The actors of the threat behind the BazaCall Call back phishing attacks have been observed using Google Forms to lend the scheme a veneer of credibility.
The method is an “attempt to increase the perceived authenticity of initial malicious emails,” cybersecurity firm Abnormal Security SAYS in a report published today.
BazaCall (aka BazarCall), which was first observed in 2020, refers to a series of phishing attacks in which email messages pretending to be legitimate subscription notifications are sent to targets, urging them to contact a support desk to dispute or cancel the plan, or risk withdrawal. charged anywhere between $50 to $500.
By inducing a false sense of urgency, the attacker convinces the target through a phone call to give them remote access capabilities using remote desktop software and ultimately establish the host’s continuity under the offer of assistance to cancel the assumed subscription.
Some of the popular services that are emulated are Netflix, Hulu, Disney+, Masterclass, McAfee, Norton, and GeekSquad.
Cook AI-Powered Threats with Zero Trust – Webinar for Security Professionals
Traditional security measures just won’t cut it in today’s world. It’s time for Zero Trust Security. Secure your data like never before.
In the latest attack variant found by Abnormal Security, a form created using Google Forms was used as a channel to share the details of the alleged subscription.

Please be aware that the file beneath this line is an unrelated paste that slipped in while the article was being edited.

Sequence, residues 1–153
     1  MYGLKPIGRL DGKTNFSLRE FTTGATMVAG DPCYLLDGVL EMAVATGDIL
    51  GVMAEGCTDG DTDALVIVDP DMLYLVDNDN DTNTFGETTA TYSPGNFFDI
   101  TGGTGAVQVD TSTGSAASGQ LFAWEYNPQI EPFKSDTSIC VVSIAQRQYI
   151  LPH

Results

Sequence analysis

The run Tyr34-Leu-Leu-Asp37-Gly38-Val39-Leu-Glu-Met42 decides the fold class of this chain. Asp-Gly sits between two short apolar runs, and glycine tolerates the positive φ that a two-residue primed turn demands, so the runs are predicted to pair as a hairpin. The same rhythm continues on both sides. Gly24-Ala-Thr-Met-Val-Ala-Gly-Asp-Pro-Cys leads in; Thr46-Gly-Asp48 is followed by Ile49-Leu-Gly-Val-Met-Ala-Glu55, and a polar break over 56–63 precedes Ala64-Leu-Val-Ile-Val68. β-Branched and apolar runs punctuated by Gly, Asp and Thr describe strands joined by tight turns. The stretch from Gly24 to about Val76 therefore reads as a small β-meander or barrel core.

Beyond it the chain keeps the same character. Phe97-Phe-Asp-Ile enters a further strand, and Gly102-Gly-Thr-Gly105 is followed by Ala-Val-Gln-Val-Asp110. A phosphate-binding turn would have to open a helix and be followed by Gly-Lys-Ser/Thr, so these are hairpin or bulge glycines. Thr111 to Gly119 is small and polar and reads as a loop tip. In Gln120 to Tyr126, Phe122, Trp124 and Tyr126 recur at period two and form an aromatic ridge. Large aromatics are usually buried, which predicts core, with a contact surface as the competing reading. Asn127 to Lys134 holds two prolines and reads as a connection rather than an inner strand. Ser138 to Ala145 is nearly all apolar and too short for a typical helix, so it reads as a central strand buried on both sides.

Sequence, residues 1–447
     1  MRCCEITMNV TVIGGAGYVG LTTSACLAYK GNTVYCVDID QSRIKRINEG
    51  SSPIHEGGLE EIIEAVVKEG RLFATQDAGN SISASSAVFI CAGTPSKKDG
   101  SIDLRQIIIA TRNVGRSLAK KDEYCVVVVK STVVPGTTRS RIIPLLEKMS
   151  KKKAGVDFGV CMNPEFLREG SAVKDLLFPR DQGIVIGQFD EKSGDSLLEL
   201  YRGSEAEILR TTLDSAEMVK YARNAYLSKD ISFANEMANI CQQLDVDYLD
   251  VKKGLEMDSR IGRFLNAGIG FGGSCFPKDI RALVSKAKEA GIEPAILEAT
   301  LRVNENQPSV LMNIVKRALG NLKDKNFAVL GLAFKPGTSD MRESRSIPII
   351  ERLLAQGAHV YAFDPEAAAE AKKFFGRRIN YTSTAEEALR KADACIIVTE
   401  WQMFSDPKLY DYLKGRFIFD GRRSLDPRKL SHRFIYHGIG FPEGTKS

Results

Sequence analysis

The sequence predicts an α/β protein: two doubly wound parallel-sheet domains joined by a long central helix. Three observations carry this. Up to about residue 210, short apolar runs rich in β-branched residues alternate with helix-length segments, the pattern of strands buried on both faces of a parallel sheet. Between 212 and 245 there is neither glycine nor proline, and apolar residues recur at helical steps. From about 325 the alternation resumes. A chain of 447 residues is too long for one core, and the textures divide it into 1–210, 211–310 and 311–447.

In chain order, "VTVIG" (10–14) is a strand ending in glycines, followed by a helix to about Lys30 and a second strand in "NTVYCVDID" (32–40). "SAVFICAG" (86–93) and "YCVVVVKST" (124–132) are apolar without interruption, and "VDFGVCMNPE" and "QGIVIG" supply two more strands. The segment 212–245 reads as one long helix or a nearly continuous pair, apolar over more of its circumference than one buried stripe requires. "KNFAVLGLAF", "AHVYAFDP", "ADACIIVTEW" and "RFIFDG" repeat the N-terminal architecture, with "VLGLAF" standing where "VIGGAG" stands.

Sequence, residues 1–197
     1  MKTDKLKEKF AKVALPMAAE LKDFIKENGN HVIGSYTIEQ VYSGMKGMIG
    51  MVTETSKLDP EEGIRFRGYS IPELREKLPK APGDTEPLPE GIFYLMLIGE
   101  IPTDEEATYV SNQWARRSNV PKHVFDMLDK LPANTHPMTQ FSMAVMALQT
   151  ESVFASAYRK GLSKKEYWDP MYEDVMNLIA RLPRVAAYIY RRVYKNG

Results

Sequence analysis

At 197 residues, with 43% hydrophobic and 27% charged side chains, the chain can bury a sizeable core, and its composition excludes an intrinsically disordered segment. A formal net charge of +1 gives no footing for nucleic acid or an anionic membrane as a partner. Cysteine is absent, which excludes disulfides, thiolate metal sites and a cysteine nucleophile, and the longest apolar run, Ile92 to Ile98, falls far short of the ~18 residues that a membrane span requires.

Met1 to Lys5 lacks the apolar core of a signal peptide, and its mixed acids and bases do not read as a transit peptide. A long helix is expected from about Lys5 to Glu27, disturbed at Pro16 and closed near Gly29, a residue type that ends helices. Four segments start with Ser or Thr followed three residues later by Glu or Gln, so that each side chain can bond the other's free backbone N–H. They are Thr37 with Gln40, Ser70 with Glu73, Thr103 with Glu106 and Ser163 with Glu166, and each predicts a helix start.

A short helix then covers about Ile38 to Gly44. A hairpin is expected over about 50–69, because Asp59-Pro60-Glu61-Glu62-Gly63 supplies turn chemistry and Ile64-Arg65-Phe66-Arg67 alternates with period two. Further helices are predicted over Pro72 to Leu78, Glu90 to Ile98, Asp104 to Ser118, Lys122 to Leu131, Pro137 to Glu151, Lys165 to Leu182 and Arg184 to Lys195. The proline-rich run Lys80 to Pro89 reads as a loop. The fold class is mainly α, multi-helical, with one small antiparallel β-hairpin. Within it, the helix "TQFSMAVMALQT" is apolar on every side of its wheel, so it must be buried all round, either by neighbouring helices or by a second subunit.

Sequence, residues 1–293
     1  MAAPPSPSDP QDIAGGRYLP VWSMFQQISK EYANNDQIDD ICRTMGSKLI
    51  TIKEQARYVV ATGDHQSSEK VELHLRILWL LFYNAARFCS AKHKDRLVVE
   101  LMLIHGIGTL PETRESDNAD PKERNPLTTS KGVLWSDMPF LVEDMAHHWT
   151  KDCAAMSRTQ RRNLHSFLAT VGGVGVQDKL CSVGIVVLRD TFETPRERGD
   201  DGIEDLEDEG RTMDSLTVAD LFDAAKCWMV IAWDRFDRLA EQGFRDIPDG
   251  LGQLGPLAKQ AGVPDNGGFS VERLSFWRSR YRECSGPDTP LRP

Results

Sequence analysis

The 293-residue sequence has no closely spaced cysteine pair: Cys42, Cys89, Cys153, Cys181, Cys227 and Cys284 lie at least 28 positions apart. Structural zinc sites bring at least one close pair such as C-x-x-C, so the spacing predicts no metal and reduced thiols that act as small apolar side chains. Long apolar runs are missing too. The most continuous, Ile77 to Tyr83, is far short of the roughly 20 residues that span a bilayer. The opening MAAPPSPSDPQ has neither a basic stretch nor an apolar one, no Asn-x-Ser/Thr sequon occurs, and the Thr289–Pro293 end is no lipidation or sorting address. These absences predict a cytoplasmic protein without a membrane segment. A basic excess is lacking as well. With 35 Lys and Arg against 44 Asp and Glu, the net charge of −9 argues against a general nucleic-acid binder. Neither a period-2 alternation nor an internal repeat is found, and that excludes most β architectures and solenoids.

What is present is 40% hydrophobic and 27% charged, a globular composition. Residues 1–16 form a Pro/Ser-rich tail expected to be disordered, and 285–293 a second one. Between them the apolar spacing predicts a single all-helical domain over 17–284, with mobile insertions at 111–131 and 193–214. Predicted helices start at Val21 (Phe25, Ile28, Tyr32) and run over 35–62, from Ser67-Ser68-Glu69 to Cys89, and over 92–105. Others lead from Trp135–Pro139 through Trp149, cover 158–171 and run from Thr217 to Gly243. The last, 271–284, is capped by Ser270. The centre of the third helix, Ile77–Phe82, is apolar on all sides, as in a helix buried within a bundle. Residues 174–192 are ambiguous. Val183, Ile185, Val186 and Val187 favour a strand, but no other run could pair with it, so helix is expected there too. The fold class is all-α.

It should be noted that the form has response receipts enabled, which sends a copy of the response to the form respondent via email, so that the attacker can send an invitation to complete the form themselves and receive the responses .
“Because the attacker enabled the response receipt option, the target receives a copy of the completed form, designed by the attacker to look like a payment confirmation for Norton Antivirus software, ” said security researcher Mike Britton.
Using Google Forms is also smart as responses are sent from the address “forms-receipts-noreply@google(.)com,” which is a trusted domain and, therefore, has a higher chance of avoiding a secure email gateways, as evidenced by a recent Google Forms phishing campaign discovered by Cisco Talos last month.
“Also, Google Forms often uses dynamically generated URLs,” Britton explained. “The constantly changing nature of these URLs can evade traditional security measures that use static analysis and signature-based analysis, which rely on known patterns to detect threat.”
Threat Actor Targets Recruiters With Extra_egg Backdoor
The enterprise security firm attributed the wave of attacks to a “sophisticated, financially motivated threat actor” that it tracked as TA4557with a track record of abusing legitimate messaging services and offering fake jobs via email to ultimately provide the More_eggs backdoor.
“Specific to the attack chain that uses the new direct email technique, once the recipient responds to the first email, the actor is observed responding to a URL that links to a controlled website of the actor posing as a candidate’s resume,” Proofpoint SAYS.
“Alternatively, the actor was observed responding with a PDF or Word attachment containing instructions to visit the fake resume website.”
More_eggs is offered as malware-as-a-service, and is used by other prominent cybercriminal groups such as Cobalt Group (aka Cobalt Gang), Evilnum, and FIN6. Last year, eSentire linked the malware to two operators from Montreal and Bucharest.